Our project adapts our current mHealth framework to the immediate needs of the COVID-19 crisis. Unlike other mHealth efforts that are using apps for contact tracing, self-reporting of symptoms, or new sensors for detecting disease onset, we focus on using mHealth to enable (safe) remote monitoring of known COVID+ patients. We originally created the Sensing for At-Risk Patients (SARP) platform to automatically collect information on older, frail patients with different conditions. SARP uses a smartwatch and different sensors to capture this information, automatically and securely sending the data to UCLA Health for review by healthcare staff. We are extending SARP by adding several FDA-approved devices (thermometer, pulse oximeter, respiratory monitor) to augment its present capabilities. SARP will be used to gather objective observations for at-home COVID+ cases, with the data reviewed by healthcare providers to assess patient health.

Capturing this data will further elucidate the myriad presentation of symptoms in COVID+ patients in a natural environment, helping establish a better understanding of this disease and the evolving pandemic. As more insight is gained about these patients and the presentation of the disease, we will explore the application of machine learning methods on this data to detect early patterns of worsening symptoms, leading to potential clinical decision support tools for physicians.

Understanding Pediatric Asthma

Pediatric asthma presently affects over 6 million children in the United States. As the most common chronic childhood disease, uncontrolled asthma results in numerous hospitalizations annually and is a significant burden on both the child and caregivers resulting in a lower quality of life (e.g., decreased playtime and physical activity), days lost from school, and decreased work productivity. The management of childhood asthma is complex, as each individual’s health and triggers differ. Until recently, healthcare providers have not had a way of fully understanding a given child’s asthma in real-life activities and environments. Mobile health (mHealth) technologies now provide a more complete and accurate view of this condition and its ongoing management.

As part of a National Institutes of Health (NIH) research project, we developed Biomedical REAl-Time Health Evaluation (BREATHE), providing a smartwatch/smartphone informatics platform for integrating sensor data from multiple sources. BREATHE combines this information with data from the patient’s electronic health record (EHR) and other online sources to establish a complete, contextualized view of the individual within his/her environment. Personal physiological and local data (e.g., personal air quality monitors, daily spirometry, inhaler usage, etc.) are automatically captured and relayed securely to our cloud-based infrastructure. Combined in real-time with geospatial and other information (e.g., weather, local traffic patterns, regional air quality measures, proximity to parks, etc.), we then begin to establish individually-tailored models of a child’s asthma triggers.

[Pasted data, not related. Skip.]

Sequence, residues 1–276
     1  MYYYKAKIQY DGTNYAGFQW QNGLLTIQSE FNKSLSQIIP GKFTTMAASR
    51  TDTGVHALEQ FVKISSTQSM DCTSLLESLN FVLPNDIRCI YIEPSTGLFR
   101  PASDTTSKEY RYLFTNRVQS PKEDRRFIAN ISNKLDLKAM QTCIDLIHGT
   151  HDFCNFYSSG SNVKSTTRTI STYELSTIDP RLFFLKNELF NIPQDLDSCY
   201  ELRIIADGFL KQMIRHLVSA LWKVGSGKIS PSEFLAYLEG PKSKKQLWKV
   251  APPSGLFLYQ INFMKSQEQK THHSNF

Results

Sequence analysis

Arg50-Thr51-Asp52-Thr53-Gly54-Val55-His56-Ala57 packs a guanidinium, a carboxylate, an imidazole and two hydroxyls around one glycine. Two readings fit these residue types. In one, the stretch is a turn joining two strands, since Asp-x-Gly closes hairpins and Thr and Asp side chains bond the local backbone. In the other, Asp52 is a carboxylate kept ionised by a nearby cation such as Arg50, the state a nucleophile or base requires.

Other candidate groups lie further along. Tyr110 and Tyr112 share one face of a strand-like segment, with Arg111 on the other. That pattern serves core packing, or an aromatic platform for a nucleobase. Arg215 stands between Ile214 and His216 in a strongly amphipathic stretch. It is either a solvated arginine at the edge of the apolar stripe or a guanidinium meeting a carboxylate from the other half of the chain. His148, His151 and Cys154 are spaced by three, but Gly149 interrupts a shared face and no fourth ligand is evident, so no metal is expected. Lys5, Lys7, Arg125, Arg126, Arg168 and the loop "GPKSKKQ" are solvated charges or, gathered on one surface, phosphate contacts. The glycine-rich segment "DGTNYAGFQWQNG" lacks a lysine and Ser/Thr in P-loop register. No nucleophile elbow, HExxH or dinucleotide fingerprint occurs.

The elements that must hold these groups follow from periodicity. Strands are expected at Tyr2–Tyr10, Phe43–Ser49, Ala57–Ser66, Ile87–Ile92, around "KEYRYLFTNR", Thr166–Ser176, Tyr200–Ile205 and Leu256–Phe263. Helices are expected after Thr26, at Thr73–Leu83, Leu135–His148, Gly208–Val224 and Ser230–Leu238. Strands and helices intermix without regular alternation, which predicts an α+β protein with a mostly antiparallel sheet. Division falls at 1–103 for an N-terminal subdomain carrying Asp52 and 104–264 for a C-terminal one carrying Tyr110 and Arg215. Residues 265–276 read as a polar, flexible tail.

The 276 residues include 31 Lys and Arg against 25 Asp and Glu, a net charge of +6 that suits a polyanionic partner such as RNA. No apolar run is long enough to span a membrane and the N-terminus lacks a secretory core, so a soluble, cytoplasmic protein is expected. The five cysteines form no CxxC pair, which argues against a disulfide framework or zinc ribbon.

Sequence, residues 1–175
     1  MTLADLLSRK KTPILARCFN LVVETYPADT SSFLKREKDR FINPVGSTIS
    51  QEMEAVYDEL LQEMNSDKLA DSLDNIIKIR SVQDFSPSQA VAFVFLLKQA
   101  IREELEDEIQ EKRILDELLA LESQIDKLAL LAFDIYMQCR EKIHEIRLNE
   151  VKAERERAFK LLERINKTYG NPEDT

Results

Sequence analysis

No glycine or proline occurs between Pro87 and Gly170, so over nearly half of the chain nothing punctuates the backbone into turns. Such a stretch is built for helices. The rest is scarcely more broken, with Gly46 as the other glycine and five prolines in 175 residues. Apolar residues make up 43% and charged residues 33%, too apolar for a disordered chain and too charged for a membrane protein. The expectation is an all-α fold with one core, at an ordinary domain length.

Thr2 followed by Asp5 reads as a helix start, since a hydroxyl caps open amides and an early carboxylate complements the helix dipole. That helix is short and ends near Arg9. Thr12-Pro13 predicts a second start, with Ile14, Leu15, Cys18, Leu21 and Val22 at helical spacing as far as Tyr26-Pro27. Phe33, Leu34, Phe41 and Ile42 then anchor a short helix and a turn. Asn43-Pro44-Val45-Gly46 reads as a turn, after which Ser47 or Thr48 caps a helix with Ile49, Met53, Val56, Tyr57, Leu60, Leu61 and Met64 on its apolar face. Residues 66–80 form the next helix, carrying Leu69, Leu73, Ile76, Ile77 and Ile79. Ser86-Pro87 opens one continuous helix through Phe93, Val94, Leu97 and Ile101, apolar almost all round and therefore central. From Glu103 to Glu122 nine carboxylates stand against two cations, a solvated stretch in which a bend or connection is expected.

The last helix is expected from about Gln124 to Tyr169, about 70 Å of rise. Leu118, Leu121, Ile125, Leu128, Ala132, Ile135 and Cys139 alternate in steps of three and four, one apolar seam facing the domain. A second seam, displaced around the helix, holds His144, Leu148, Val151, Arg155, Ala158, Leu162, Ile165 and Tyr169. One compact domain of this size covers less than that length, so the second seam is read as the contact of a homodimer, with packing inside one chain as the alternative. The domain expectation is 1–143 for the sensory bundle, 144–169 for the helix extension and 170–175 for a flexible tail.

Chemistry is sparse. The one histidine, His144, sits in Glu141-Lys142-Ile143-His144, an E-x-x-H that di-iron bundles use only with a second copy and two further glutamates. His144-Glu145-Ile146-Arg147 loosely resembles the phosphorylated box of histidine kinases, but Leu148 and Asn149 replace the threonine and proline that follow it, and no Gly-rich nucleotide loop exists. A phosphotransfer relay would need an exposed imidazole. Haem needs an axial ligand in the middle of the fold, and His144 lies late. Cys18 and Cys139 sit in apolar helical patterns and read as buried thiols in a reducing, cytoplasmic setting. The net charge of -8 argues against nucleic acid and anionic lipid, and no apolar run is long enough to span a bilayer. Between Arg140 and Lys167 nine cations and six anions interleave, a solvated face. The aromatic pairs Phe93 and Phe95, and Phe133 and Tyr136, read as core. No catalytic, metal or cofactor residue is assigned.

You can find more information on BREATHE here.

Assessing Sleep

Getting a good night’s sleep is essential for both physical and mental health, but it is hard to quantify the quality of sleep. Many studies that have shown that non-electroencephalography techniques are poor indicators of sleep/wakefulness to specific sleep staging (there is usually <70% agreement with polysomnography data). We are working with a novel sensor developed by Circadia to evaluate a new approach to non-contact sleep monitoring and sleep disorder assessment. This device sits beside the bed and uses sonar technology to track body movements, including respiratory motion, and estimates sleep/wake cycles. The validation of this innovative technology would permit remote, non-contact monitoring of individuals’ sleep and associated disorders in lieu of time-consuming sleep diaries and overnight outpatient studies. It would also allow data to be collected on patients using positive airway pressure therapy to gain more insight on non-adherence due to nocturia.

Understanding Depression & Anxiety

Depression affects an astounding 300 million people worldwide and one of society’s biggest problems – yet it is poorly understood. In 2018, UCLA launched the Depression Grand Challenge (DGC) with the ambitious goal of cutting in half the worldwide burden of depression by 2050. New diagnostic and treatment methods are being explored, including mHealth. The DGC, in a partnership with Apple Inc., launched a major study to provide greater insights into how we diagnose and treat anxiety and depression. Using devices connected to a smartphone/smartwatch, we are obtaining objective measures around sleep, physical activity, heartrate and daily routines to illuminate the relationship between these factors and symptoms of depression and anxiety. This joint effort has the very real potential to transform behavioral health research and clinical care by enabling healthcare providers to note warning signs before severe mental health crises occur. The study is also an important step toward greater understanding of the different types of depression, and which treatments work best for each. As part of this effort, we are helping with subject recruitment, as well as coordinating secure sensor data collection and integrated analysis.